Collaboration: The Road To A Better Future

Volume 136, No. 34  - Friday, February 17, 2012

I understand the appeal of sticking to what you know. Really, I do. What I don’t get is how do you measure the loss from sales that never happened?

I understand an entrepreneurial spirit, doing it ourselves, doggedly holding to what we have figured out ourselves.
What I don’t understand is the warlike mentality of so many in business.

We all need good results, of course!

But managing by results, by setting goals, by cutting costs work only for a moment, and then what? You can’t manage results, only their causes. Rather than manage results, why not manage by knowledge?

The Forest for the Trees

When I ask about the loss from sales that never happened I am not kidding.

For many years while the cheese industry followed a commodity model, long after the market had matured, and there were many competitors, and the only way you could compete is by cutting costs ever lower. Cut-throat competition.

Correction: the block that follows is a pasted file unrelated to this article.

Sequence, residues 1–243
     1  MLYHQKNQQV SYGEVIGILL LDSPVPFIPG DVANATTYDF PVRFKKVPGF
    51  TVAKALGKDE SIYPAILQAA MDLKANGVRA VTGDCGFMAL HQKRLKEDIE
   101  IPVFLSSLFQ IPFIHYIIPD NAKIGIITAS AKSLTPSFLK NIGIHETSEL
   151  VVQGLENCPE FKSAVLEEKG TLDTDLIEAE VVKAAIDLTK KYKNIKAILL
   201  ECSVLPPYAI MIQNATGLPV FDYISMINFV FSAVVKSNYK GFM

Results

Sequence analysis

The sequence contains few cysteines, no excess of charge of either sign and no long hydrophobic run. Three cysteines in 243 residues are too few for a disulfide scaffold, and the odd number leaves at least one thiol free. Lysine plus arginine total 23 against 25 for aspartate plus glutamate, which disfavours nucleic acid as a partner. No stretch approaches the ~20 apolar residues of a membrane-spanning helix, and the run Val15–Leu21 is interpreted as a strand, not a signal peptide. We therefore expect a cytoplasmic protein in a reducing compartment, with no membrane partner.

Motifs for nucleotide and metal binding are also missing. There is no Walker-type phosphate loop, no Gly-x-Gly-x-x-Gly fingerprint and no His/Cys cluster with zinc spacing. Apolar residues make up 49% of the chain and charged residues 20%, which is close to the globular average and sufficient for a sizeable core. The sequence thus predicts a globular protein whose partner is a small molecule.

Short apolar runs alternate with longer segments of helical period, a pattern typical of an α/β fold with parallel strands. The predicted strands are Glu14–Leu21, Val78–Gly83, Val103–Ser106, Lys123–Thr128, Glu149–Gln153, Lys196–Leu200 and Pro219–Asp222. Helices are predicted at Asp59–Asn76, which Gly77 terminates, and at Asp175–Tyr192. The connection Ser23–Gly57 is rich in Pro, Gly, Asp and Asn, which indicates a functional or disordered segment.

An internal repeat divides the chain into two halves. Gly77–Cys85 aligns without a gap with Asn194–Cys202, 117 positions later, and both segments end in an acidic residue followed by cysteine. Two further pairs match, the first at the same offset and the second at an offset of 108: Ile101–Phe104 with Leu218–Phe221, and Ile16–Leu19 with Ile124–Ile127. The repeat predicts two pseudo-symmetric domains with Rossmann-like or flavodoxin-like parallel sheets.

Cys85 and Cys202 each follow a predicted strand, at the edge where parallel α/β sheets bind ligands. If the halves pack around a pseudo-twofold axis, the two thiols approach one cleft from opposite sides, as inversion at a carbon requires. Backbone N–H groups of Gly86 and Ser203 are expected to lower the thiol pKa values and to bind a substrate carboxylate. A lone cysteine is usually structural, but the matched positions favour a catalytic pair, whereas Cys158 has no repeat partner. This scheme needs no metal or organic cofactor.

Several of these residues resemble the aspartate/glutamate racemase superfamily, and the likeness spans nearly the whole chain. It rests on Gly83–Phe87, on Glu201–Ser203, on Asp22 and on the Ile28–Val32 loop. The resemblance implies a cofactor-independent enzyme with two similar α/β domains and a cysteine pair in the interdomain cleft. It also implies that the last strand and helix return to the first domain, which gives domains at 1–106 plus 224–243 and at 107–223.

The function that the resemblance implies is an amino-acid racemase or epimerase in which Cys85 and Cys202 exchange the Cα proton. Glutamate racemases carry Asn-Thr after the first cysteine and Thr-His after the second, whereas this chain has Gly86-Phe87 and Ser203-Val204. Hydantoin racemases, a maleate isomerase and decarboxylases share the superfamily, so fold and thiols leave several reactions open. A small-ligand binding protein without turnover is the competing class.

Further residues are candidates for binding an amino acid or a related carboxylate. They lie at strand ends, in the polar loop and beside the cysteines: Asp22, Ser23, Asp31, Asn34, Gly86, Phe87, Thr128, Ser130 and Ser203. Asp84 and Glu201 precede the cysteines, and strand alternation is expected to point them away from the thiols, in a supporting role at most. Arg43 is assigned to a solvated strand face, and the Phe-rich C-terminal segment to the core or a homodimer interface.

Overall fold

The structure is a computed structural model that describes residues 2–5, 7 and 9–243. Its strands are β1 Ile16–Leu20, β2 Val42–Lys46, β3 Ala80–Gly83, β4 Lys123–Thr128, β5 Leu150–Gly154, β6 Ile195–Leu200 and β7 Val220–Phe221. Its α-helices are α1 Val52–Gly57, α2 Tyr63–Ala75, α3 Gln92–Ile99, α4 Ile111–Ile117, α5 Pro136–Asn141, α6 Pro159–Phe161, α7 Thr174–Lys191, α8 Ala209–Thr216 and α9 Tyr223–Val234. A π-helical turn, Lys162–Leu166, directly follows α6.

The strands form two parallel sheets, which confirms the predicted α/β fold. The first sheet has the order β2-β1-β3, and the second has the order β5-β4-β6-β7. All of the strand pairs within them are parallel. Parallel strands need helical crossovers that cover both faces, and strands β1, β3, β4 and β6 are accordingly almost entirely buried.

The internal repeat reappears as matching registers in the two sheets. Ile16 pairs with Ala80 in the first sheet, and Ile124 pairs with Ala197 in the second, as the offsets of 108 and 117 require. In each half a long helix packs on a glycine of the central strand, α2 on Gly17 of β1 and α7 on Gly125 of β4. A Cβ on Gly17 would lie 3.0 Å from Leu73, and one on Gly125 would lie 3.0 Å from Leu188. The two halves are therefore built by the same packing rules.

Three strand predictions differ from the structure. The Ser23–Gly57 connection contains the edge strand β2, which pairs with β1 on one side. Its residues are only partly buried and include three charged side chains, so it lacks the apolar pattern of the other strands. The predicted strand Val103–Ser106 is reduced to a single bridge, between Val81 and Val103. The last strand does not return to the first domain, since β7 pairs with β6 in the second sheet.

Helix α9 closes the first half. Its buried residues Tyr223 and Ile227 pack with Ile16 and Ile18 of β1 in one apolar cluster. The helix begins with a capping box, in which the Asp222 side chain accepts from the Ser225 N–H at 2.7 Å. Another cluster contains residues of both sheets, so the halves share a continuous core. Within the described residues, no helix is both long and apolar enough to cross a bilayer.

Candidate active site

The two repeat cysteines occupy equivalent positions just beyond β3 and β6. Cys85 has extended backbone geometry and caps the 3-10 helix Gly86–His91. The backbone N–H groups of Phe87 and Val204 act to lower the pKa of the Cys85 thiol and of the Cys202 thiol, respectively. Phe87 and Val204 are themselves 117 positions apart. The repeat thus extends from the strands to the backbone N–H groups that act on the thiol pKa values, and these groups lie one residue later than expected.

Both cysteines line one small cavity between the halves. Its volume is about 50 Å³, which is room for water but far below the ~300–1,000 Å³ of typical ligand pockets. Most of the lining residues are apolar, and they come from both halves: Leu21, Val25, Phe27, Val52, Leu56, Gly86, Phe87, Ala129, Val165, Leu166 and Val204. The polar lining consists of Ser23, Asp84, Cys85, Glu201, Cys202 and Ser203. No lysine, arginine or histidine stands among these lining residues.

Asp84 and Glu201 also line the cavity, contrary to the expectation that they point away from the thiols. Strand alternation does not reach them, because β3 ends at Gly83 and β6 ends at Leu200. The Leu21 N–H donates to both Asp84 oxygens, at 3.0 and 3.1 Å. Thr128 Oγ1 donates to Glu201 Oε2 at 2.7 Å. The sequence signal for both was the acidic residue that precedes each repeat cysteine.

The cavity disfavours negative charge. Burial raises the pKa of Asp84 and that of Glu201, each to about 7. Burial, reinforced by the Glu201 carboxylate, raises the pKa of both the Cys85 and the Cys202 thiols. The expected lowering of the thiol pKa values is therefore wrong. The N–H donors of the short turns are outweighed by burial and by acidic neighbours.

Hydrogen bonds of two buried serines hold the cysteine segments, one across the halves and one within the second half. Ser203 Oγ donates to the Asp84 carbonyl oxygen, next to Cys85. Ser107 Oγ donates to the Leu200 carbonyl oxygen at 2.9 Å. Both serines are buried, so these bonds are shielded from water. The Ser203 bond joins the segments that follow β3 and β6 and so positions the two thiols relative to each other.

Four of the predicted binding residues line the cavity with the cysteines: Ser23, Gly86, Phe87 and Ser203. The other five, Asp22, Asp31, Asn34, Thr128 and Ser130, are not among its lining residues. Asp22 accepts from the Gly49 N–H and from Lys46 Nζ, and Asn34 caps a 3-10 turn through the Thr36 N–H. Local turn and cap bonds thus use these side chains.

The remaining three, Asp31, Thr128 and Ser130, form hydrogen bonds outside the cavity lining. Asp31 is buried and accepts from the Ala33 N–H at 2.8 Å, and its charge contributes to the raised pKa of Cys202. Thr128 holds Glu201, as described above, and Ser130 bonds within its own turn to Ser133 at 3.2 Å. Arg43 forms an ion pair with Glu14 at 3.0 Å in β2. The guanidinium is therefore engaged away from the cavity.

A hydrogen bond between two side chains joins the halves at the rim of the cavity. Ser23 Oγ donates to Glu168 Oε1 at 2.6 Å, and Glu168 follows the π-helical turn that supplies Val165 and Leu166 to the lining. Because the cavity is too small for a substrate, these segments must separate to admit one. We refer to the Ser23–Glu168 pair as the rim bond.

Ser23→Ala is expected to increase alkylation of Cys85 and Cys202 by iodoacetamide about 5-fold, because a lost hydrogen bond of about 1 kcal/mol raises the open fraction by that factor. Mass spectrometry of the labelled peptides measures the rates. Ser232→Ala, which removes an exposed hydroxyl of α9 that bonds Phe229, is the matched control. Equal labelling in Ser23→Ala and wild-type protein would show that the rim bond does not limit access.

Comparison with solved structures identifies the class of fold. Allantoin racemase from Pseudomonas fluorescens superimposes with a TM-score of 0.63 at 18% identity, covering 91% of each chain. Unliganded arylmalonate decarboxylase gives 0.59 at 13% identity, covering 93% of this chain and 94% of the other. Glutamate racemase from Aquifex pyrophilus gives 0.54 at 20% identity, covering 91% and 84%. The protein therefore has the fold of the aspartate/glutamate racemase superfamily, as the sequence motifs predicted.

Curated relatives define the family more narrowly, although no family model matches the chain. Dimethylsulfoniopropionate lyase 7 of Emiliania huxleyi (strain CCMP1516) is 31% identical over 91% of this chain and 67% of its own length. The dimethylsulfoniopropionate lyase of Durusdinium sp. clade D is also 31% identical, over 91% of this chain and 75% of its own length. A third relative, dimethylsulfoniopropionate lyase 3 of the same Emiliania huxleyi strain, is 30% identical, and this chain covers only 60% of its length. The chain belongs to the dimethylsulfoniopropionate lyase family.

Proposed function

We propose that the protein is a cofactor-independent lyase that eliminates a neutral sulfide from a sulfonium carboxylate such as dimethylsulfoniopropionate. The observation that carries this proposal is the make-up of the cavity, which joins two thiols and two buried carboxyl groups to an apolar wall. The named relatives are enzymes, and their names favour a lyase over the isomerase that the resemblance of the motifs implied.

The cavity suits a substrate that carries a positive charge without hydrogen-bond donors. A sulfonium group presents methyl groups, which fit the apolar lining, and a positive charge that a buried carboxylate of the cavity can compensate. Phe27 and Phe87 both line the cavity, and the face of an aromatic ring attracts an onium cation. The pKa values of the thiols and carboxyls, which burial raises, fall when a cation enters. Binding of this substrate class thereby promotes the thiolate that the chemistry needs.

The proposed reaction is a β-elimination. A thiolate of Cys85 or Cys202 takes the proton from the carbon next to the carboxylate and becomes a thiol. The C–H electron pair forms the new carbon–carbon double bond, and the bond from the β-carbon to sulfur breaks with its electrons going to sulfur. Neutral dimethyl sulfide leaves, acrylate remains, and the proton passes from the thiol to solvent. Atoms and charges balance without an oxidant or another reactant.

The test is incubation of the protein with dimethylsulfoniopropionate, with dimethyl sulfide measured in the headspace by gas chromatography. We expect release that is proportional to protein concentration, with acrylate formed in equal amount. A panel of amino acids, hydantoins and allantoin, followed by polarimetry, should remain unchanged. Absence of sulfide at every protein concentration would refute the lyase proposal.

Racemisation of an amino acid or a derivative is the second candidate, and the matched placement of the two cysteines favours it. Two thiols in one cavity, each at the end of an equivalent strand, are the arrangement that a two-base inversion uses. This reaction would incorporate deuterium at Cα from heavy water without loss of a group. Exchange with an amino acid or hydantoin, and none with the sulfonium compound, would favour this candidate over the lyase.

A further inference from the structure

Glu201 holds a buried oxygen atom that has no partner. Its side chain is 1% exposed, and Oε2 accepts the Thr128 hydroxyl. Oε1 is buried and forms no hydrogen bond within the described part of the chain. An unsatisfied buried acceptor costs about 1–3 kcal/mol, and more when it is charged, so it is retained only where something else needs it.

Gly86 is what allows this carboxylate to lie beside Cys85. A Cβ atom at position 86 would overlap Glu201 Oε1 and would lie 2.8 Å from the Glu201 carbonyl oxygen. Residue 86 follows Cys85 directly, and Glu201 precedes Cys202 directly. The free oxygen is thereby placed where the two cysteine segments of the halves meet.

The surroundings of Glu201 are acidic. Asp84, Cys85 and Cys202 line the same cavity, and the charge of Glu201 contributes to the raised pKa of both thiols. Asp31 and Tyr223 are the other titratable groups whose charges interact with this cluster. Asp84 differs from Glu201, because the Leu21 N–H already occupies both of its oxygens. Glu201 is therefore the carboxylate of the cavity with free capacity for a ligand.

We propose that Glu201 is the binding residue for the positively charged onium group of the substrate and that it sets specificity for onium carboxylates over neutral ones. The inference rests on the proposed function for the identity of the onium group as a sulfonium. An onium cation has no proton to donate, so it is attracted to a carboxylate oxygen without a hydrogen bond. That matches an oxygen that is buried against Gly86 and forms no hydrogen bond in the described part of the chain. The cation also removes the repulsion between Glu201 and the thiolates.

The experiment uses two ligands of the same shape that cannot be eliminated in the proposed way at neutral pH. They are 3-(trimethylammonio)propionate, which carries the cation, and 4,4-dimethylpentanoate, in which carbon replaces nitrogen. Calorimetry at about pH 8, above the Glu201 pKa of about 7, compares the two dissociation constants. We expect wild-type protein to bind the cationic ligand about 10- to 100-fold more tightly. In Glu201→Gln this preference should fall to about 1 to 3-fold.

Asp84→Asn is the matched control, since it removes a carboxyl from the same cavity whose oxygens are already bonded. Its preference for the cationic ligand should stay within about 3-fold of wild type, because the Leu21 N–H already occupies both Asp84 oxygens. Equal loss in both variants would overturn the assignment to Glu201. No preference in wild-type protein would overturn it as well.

Meanwhile the Europeans took over specialty cheese, the highest margin shelf space for dairy in the supermarkets. Even commodity European cheese had a quality and style that let it get more margin.

This was not by accident, it was a plan. They got together and collaborated to ensure they won and kept shelf space. Competitors, yes, but with common interests, collaboration for the good of all to grow their market, rather than fight among each other to win an ever-diminishing profit.

The rest of the world has realized that there are only a handful of places in the world where there is enough land and water to grow pasture to produce pasture fed milk for cheese, but we are looking the other way again.

Cheese is one of very few manufacturing sectors still alive in the US, but it is one of the only in the world that is still manufacturing using methods that are pre-WWII.